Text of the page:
Following up on yesterday’s announcement, here’s some additional background on where we’re coming from and where we’re going. As with a similar post two years ago when we were getting ready to meet Asher, this is in Q&A format.
1. What the $#@! were you thinking? Yeah, it’s where a lot of people start, so I figured I’d start here. When we were deciding whether to adopt again 3-4 years ago, I felt I had to make room for not just one more kid but two (more in this in a minute). So it was brewing all the way back then. After my heart surgery last April, we began the process in earnest, and a few months later we had completed all the paperwork and were “in the pool” waiting for a match. The match happened really quick this time, and here we are.
2. Wait, “not just one more kid but two”? As much as they constantly snipe at each other now, Aaron and Jada being close in age has been good for us and I think good for them. So we hope it will be for Asher and Jordan.
3. Why African-American again? To continue the line of thinking from the previous question, that logic is particularly true because we are parents of African-American children but we are not ourselves African-American, so as much as we have worked and will work to compensate for that deficiency (with a deep debt of gratitude to many dear friends who are helping us), we simply will not be able to convey to Asher and Jordan what it will be like for them to grow up, because our own growing up experience was not the same. By having each other, Asher and Jordan may prove to be an invaluable support as they grow up together. So that was a big factor in wanting to not just do one more adoption but two.
4. This seems crazy; are you sure you’re doing the right thing? Not at all. We felt a deep sense of leading from God with Asher’s adoption. Not that we ever felt certain, but at least we felt a nudge. This time around, we simply don’t know. This could be beautiful or disastrous. What we lean on is that while God sometimes gives us clear guidance, sometimes He doesn’t, and in those times we must go forward in faith doing what we think is right to do with as pure motives as possible, in the hopes that even if things go awry that good will come about.
5. How has the process been? Logistically and emotionally, a roller coaster. We are spent from all the highs and lows. I am thankful to a dear friend and mentor of mine (thank you, David Brown!), who reminded me that “no matter how crazy the roller coaster, God built the track and He'll guide you back to sturdy ground.” What a powerful and grounding word. We will continue to bear ups and downs with no sense of what is next. But I had forgotten, and am now challenged to remember, that we go by Him who knows the path and the destination.
6. What do the other kids think? Jada is ecstatic that it’s now 3 girls and 3 boys in the family. Aaron has been digging being a big brother and looks forward to being so for his baby sister. Asher…is a wild card. We dote on him so much, and so his world is about to get rocked as we shift our attention to the little one. But we’re hoping that becoming a big brother will prove to be a significant part of his personal development.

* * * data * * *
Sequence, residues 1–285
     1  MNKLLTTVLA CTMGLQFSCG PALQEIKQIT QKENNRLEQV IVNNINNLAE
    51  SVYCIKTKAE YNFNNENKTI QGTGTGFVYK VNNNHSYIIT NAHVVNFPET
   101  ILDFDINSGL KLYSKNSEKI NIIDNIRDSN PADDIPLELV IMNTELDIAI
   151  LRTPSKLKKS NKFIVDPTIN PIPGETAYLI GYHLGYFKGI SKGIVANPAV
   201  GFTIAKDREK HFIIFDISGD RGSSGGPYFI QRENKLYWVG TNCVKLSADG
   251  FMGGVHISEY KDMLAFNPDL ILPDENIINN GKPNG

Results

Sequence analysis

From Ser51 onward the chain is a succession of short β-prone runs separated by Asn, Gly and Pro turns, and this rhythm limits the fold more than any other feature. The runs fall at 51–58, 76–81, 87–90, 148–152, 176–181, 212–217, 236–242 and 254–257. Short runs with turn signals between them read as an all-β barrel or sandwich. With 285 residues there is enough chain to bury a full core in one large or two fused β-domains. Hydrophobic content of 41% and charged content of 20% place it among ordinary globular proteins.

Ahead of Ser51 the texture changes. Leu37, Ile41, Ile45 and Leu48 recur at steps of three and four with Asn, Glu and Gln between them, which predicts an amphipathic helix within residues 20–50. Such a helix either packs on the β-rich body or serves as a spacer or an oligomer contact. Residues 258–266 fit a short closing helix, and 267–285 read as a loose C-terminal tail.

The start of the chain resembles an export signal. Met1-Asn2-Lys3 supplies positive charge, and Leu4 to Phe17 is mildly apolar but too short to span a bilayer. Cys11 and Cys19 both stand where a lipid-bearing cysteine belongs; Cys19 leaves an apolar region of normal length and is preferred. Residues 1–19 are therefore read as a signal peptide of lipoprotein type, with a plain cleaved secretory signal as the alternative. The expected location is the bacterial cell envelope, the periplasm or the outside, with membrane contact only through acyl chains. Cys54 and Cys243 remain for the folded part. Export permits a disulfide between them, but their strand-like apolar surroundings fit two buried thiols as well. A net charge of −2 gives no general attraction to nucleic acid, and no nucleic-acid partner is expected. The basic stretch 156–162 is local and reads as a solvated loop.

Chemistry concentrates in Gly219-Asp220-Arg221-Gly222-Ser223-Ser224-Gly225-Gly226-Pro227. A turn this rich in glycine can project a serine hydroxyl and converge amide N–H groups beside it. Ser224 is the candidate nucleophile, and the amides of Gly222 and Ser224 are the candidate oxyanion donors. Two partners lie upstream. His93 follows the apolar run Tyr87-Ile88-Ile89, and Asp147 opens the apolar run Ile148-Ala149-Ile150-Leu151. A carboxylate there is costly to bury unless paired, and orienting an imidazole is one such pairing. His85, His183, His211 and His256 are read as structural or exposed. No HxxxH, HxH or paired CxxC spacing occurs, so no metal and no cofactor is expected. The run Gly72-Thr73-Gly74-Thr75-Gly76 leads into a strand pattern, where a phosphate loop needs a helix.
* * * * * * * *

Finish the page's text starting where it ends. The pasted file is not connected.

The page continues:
7. What do you know about baby Jordan? Unlike Asher, she’s likely to be tiny. Like Asher, based on what we know we have reason to have extra worries about potential immediate and long-term health complications. As God continues to knit this baby in her birthmother’s womb, we pray for her health; and as God continues to prepare Amy and me to parent her, we pray for our ability to love and care for her no matter what.
8. How will you handle four kids? Short answer is with a lot of help and by the grace of God. But, honestly, every additional kid stresses our sanity, focus, time, and finances. If we had stopped at two, which is where we were for several years, I have no doubt we could’ve given them an A+ level of parenting. At four, with potentially some special needs in the mix, I’m thinking solid C+. Most people, myself included, if given the choice between A+ parenting of two kids and C+ parenting of four kids, would pick two over four. But I have come to realize that sometimes good enough is good enough, that all our kids will be just fine, and that if we can be a caring family to more kids than why wouldn’t we? (You have no idea how profound and how difficult and how necessary this lesson has been for this Type-A over-achiever.)
9. How can I help? Glad you asked. ;) We’re registered at Walmart and we also welcome any hand-me-down’s, particularly girl clothes from newborn to 9 months. Given that we are re-entering the world of sleep deprivation, we also ask for a little slack if we are not as able to be as responsive as we’d like to be.
10. You guys are incredible…I could never do something like this, could I? Yes you can, and yes you should! Adoption is not easy but it is worth it. To be sure, God has provided for Amy and me in abundance, whether material resources to bear the cost of adoption and parenting or a loving social network to lean on for support and wisdom. But He has likely blessed you in these ways too. I particularly wish for more Christians to adopt. The Bible is clear about the exhortation to care for orphans, and the legal and metaphorical aspects of adoption are an important part of New Testament theology. I never want to rebut someone offering kind words in my direction, but with all due respect, what Amy and I are doing shouldn’t be seen as unique and special, because there should be more people putting their faith into action by bringing children into their families through adoption. Would that that someday become true, and what a wonderful blessing it will be for those families and what a wonderful witness it will be to the world.